It must be clear how what has been found during the research has contributed to expanding scientific knowledge, either by confirming or disproving our hypotheses.

3. New possibilities

Science advances and never stops, that is why a study will never put an end to the subject it has delved into . On the contrary, new possibilities must be considered for the future.

In any research, even if a theory has been proved or a problem originally posed has been solved, something will always emerge that will invite new questions to be asked . This will give rise to new research, new ideas to be studied in subsequent studies.

The conclusion is the ideal section for us to indicate some ideas that have come to us while we are researching the topic we have presented.

You can also invite the reader to document himself or herself on the topic we have talked about. If it happens that two related investigations have been made and one of them has not yet been completed, in the section on conclusions it is possible to suggest that the reader wait for the study that will be published in the not too distant future.

4. Avoiding redundant information

This is one of the tips on how to make a conclusion that is most useful so as not to take too long. All the relevant information shown in an extensive way should already be explained in the introduction section, while the conclusion includes only the main ideas shown in a concise way , in addition to what is explained in the other sections.

When you have finished writing the conclusion, if you notice that there are some ideas that give you the feeling that they are repeated, cut them out or, directly, remove them.

In this section a deep reflection on the work should be made, not an extensive summary of it , because what is the use of summarizing in the same work that same work?

5. Do not show new information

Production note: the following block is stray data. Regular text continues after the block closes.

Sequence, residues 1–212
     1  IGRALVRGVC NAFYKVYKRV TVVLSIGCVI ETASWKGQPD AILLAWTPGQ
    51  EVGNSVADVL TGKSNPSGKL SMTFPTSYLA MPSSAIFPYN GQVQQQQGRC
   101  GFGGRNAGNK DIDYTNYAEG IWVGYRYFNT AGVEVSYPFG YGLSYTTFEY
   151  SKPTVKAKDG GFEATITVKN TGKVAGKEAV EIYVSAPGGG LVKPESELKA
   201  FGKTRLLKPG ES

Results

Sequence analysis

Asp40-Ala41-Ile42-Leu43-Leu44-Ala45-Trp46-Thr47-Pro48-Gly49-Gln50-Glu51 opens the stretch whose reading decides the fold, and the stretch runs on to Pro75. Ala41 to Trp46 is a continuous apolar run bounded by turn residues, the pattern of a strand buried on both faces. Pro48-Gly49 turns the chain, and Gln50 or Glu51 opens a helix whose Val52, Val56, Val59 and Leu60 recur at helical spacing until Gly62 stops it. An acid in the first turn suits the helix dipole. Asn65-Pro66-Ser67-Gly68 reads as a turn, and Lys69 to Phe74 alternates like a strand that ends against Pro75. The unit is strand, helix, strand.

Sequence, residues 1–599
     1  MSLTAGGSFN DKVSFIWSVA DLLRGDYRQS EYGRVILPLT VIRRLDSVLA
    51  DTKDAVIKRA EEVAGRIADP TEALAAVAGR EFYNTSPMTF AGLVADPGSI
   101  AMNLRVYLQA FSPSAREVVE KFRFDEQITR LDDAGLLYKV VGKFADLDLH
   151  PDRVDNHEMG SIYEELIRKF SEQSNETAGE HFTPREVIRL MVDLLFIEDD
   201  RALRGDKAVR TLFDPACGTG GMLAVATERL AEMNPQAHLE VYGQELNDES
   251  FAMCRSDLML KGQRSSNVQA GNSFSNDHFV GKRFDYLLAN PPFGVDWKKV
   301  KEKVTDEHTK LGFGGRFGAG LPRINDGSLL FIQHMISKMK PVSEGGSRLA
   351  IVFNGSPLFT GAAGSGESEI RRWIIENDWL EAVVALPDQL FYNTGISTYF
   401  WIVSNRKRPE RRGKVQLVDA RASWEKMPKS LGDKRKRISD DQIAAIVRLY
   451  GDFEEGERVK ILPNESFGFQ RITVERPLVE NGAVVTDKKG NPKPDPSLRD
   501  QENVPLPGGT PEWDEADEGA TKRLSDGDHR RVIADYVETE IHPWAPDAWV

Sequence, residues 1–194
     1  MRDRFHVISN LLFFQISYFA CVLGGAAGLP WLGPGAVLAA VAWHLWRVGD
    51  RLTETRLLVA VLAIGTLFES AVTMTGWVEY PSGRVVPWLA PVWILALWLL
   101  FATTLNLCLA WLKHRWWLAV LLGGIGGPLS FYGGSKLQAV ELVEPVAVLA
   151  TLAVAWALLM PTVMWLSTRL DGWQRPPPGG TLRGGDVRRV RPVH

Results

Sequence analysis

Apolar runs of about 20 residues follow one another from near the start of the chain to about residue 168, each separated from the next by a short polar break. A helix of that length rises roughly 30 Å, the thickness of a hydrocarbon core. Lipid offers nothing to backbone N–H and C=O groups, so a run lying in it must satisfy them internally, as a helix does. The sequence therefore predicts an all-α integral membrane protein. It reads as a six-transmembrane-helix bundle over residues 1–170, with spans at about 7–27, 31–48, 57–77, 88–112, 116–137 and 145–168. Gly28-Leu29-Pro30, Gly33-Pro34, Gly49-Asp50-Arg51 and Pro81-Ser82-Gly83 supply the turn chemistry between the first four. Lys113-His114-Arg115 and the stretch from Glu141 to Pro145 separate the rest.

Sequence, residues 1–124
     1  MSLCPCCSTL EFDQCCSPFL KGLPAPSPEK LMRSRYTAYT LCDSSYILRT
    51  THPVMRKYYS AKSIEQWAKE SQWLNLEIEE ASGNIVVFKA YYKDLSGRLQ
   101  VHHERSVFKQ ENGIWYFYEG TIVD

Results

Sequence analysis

In the same way that we have indicated in the previous point that we should not be redundant, we should not take out information that has not been previously explained . In other words, in the final section of our work we should not introduce relevant information on the subject under investigation that has not been addressed in our work.

The advice most repeated by many university professors to their students who are doing their theses is that everything explained in the conclusion should be justified in the introduction .

Let us take an example in which this idea is clearer: if we have talked about the differences between social psychology and clinical psychology, it would not make sense to talk in the section on conclusions about how they differ from forensic psychology. Talking about other topics at the end of our work may make the reader feel confused. In essence, one should continue in the same vein throughout the work.

6. Do not overextend

Depending on the criteria that are stipulated when preparing a certain work, such as the final degree papers, doctoral theses or presentations in power point format, it is highly contraindicated to add too much information .

As already mentioned, is the section in the introduction where all the relevant information about the work is explained in greater depth, while the conclusions should be more concise.

7. Be honest

When collecting the data, they may not confirm our hypotheses or even indicate just the opposite of what we wanted to prove . This should be clearly stated, reflecting on why we originally thought the data would behave differently.

8. Avoid contradictions and watch spelling

This is an obvious point, but it never hurts to remember it. We have to be careful how we express our ideas, since sometimes they can be formulated in such a way that it seems that in one paragraph we indicate one thing and in the next we come to say the opposite.

A re-reading of the work is also necessary to ensure that there are no spelling or grammatical mistakes. Interesting work can become tiresome if the writer has not made sure that the text is presented clearly and without errors in the wording.

Bibliographic references:

  • Culler, J. (1997) Literary Theory: a Very Short Introduction. Oxford: Oxford University Press.
  • Dawson, C. (2007). Prescriptions and proscriptions. The three Ps of scientific writing – past, passive and personal. Teaching Science: the Journal of the Australian Science Teachers Association. 53(2): 36 – 38.